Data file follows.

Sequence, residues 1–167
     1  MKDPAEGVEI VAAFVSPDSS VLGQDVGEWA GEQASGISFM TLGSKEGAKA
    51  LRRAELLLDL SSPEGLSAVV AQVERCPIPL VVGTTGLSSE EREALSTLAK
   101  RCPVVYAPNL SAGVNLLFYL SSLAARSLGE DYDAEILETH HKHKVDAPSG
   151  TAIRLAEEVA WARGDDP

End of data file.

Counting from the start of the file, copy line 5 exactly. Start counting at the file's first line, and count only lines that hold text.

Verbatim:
   151  TAIRLAEEVA WARGDDP